Miller, Mark James

The Angel of Hope Memorial Service takes place at the Santa Maria Cemetery every year on the first Saturday in December. What makes it unique is the service is for parents who have lost children.

The chapel-like section of the cemetery where the service is held is dominated by the Angel of Hope, a statue of an angel that has become a symbol of comfort and healing for those who have suffered the unimaginable grief that comes when their child dies.

Suzanne “Sam” de St. Jean and her husband Glen took over the Santa Maria Service in 2012 after the death of their son Michael.

“The service gives people a place to come and remember their lost children,” Sam said. “It is a time for healing, to bring comfort and peace.”

The Angel of Hope Memorial Service happens in more than 120 locations across the United States and Canada. The concept comes from a 1993 novel, “The Christmas Box,” by Richard Paul Evans.

“To me the meaning of the Angel of Hope is being with our loved ones again,” said Sophia Schwark, who helped raise the money for the statue. “I lost my boys Johnnie and Zachary Lee on Dec. 25, 1999. Christmas has never been the same.”

“My urge as a parent to do things for my child did not die when my son did,” said Yesenia DeCasaus, who lost her son in 2014. “But material things are meaningless when my child is in Heaven. It’s hard not to be able to see him and touch him. That is why the Angel of Hope is so important to me. It’s a place where we can fill our spirit with their memory.”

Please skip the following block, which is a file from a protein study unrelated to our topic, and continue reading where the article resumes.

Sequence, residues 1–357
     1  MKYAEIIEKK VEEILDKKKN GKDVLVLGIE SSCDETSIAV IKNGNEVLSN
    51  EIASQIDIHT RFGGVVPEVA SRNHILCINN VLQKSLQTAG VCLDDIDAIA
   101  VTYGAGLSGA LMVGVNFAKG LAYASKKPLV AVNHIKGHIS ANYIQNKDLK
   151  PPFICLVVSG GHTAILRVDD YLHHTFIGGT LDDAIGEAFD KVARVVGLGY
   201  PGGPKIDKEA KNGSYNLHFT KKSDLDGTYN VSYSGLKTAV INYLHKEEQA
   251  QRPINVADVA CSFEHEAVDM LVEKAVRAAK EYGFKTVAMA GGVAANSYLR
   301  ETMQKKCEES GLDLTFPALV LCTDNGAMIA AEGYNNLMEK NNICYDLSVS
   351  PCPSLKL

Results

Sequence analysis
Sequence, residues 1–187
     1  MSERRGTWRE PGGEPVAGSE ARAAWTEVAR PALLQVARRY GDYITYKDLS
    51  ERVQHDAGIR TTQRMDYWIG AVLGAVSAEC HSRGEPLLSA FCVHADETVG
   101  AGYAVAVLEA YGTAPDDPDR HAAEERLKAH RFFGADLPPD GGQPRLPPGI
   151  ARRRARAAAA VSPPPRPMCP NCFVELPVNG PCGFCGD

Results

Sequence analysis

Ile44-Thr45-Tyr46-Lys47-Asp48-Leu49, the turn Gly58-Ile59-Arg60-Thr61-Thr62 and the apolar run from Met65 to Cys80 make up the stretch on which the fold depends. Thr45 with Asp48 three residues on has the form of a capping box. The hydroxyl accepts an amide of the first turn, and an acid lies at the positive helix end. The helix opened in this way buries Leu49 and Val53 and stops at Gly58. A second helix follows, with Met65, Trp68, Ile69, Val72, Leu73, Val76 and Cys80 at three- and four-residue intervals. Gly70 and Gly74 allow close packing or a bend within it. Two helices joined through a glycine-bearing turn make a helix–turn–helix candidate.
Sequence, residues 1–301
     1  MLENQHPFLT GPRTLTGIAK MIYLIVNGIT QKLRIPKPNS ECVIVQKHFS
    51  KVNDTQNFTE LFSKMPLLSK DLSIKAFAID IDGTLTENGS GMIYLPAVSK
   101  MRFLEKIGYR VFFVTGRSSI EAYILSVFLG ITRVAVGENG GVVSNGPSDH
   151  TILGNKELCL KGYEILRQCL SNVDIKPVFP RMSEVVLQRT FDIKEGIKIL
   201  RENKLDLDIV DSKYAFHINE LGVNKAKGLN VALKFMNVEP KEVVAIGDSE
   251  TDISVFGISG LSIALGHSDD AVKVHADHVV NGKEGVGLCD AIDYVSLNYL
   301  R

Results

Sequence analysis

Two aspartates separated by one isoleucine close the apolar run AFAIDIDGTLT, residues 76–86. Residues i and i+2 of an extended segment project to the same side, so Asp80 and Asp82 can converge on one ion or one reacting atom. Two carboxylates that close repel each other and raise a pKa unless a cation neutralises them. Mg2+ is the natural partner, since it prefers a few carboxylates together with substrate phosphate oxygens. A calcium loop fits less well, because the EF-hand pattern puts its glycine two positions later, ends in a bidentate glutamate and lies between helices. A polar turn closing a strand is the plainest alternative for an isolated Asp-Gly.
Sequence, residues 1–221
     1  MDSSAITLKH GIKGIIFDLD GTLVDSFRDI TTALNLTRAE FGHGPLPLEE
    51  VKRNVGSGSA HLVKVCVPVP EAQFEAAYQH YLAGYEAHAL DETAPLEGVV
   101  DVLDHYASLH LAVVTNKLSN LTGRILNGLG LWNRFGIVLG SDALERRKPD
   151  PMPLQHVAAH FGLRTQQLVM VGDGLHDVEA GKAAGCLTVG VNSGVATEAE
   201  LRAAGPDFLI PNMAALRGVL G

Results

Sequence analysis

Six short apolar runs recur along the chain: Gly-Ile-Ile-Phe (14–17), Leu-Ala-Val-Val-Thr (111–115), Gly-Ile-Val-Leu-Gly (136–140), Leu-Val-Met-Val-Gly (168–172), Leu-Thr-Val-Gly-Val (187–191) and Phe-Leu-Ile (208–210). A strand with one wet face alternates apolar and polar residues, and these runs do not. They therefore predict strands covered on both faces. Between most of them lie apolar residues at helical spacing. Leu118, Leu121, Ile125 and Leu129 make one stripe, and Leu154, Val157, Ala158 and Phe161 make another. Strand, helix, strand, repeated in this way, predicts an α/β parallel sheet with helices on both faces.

The service begins with the reading of a poem by an unknown author. It concludes: “I want to tell you something/So there won’t be any doubt/You’re so wonderful to think of/But so hard to be without.” This is followed by a sermon from Pastor Paul Berry, of the Calvary Chapel of Santa Maria.

Psychiatrist Elizabeth Kubler-Ross identified five stages in the grieving process — denial, anger, bargaining, depression and acceptance. Her 1969 book, “On Death and Dying,” has become a guidebook for many on how to deal with the death of a loved one. Each stage is necessary if one is to find peace and healing.

The last part of the service — and perhaps the most inspiring — comes when everyone is given an opportunity to come forward and share a story about their lost child. While the stories are always heartbreaking, they give the people gathered an opportunity to hear from others who have gone through the same heartache and pain they have.

When the service is over everyone is given a white carnation that they can put in the arms of the Angel.

I’m sure anyone who has ever lost a child knows, as I do, that the pain is never going to go away. With time it may become easier to bear, but it never leaves you. For my part, when my son Corey died on Dec. 13, 2009, part of me died. I know that. But what remains is a determination to carry on for him, knowing he is always going to be with me until my journey also comes to an end.

Going to the Angel of Hope Memorial Service every year has helped me understand that others feel as I do, and have gone along the same road of grief and sadness that I have traveled, and I fervently hope others are helped as well.

Mark James Miller teaches English at Allan Hancock College. He can be reached at: mark@pfaofahc.com.

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